Oh, boy. Now our speaker imagines that his mistress' heart ("bosom") is a jail ("ward") that's holding his heart prisoner.
Okay. Hearts can't literally be imprisoned in other people's hearts, unless it's part of some freaky science experiment.
But this is a sonnet, not Frankenstein. So, the dude is basically saying that he's a prisoner of love, which is, you guessed it, another courtly love cliché.
Here, the metaphor really gives us a sense of how powerless and confined our speaker feels in the relationship.
By calling his mistress's heart a "steel bosom," he also gives us a sense that she's cold and hard instead of warm and loving. (Yeah. We sort of got that already.)
Plus, that word "steel" also conjures up a pretty vivid image of the kinds of steel bars you might find in an actual prison. Yikes.
So, wait a minute. Why the heck would our speaker volunteer to be a love prisoner if it's so awful? Hmm…
But then my friend's heart let my poor heart bail;
Oh, we get it. He's offering to be his mistress's love prisoner so she'll take it easy on his buddy.
In other words, he's trying to compromise with her now by saying something like "Go ahead and imprison my heart in your jail, but please just let my heart be 'bail' for my friend's heart."
This line is a little tricky because "bail" can be read a couple of different ways.
But, the overall meaning is that our speaker wants to protect his pal from being hurt by the cruel mistress.
On the one hand, we can read the line to mean that the speaker is offering to "bail" his friend out of the mistress's prison/heart, just like someone might offer up bail so an inmate can avoid jail time. In other words, he's offering to sacrifice himself to the mistress so she'll leave his buddy alone.
But, back in the day, "bail" also meant to confine or imprison. So, this line can also mean that our speaker imagines that his own heart is a little jail within a jail, where he'll get to keep tabs on his friend's heart.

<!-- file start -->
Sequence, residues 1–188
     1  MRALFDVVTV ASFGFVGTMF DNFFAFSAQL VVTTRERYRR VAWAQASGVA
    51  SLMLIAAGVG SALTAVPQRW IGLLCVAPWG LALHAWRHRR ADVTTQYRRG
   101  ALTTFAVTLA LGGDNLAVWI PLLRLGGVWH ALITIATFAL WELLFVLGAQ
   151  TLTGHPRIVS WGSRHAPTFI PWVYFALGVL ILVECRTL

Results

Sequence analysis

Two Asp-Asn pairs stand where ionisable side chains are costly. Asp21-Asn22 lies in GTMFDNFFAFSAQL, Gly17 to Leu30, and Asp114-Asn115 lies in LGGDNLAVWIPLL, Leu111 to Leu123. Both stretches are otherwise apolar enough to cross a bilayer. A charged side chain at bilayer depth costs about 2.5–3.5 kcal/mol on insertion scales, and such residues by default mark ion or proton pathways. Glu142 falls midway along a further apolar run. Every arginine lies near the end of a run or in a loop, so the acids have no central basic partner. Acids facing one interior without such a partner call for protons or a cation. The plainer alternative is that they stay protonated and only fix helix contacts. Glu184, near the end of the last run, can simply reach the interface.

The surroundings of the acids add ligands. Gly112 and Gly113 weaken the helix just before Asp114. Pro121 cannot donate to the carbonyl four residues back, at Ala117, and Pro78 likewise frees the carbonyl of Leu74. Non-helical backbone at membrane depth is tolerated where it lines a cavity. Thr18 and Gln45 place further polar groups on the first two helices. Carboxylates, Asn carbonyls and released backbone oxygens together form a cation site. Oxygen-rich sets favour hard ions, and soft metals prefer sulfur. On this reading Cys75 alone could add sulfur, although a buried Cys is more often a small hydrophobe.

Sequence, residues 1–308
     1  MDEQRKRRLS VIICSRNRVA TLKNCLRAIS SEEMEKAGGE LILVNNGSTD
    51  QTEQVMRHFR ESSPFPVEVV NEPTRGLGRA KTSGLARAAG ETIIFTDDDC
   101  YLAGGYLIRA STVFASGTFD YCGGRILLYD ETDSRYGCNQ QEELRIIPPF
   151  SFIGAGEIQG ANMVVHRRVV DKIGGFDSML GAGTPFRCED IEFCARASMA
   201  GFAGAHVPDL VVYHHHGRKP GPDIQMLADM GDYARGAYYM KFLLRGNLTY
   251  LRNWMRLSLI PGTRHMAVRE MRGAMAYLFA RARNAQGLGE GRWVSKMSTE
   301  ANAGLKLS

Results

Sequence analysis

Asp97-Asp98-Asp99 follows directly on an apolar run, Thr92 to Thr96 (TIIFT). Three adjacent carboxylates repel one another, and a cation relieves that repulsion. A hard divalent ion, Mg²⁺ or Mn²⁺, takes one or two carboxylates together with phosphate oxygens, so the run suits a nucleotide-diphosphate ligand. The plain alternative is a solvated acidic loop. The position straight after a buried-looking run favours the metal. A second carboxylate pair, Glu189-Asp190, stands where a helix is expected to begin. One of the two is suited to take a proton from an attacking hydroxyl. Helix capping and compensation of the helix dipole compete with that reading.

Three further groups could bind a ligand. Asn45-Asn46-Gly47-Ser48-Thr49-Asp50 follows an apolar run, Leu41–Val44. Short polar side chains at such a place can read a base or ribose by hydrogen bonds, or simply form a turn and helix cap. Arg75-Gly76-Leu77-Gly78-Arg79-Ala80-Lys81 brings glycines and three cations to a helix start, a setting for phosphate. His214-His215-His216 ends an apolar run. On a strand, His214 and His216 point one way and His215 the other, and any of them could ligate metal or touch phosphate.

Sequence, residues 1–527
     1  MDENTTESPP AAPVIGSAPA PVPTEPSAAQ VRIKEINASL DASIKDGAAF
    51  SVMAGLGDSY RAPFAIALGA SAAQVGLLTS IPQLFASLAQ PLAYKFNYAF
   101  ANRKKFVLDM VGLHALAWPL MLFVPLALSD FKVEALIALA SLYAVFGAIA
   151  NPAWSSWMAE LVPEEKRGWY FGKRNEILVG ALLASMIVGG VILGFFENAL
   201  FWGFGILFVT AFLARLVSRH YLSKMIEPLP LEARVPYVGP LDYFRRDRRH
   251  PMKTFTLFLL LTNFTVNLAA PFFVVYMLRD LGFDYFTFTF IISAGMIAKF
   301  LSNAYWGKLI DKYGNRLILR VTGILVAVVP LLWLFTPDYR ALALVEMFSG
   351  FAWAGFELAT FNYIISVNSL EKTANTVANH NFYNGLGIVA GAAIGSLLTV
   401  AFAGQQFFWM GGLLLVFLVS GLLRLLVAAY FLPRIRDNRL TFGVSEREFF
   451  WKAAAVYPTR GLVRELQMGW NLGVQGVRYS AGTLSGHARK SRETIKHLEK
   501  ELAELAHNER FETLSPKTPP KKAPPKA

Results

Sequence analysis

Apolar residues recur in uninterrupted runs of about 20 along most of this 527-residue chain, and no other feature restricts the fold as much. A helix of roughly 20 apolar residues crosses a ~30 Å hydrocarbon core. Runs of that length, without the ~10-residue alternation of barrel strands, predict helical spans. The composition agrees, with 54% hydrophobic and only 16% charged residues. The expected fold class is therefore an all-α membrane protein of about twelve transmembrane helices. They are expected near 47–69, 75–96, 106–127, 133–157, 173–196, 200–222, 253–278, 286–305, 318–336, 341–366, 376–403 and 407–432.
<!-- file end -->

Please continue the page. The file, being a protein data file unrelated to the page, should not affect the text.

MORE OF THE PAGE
(You might want to think of these three hearts as a set of Russian nesting dolls—each one is placed inside the other.)
So, if the friend's heart is locked up inside the speaker's heart, that means our speaker gets to be a lot closer to his friend than the mistress gets to be, right?
Gee. That sounds a little possessive, don't you think? We believe our speaker when he says he wants to protect his friend, but it also seems like the dude just wants to have his friend all to himself.
Whoe'er keeps me, let my heart be his guard; Thou canst not then use rigor in my jail.
Here, he says something like, "Even though I'm a prisoner in your heart, please let my heart guard my friend's heart. That way, you can't be so strict and harsh ('use rigor') in my jail."
Um, okay. This love prisoner metaphor seems to be getting away from our speaker and we're not sure how we should read this.
(By the way, when a regular old metaphor turns into an extended metaphor like this, it's called a conceit. The poet John Donne is famous for using them.)
So, what is it that our speaker is trying to say here? Is he saying that as long as he's got his friend by his side, his mistress's cruel ways can't hurt him as much because his friend gives him comfort? Or, is he suggesting that his mistress wouldn't dare hurt him anymore because hurting him would also mean that she's hurting his friend, too? Take your pick.
In the end, we're not sure any of this bargaining is going to help our speaker out. After all, he's trying to reason with a woman who basically acts like a really strict prison warden who likes to be harsh ("use rigor") with her inmates.
And, yeah, there's probably another dirty joke here.
The phrase "to rig" can mean "to be with sexually." So, maybe our speaker is threatening to withhold sex from his mistress? Or, maybe he's taunting her by saying that his friend's not going to hook up with her anymore? Maybe both?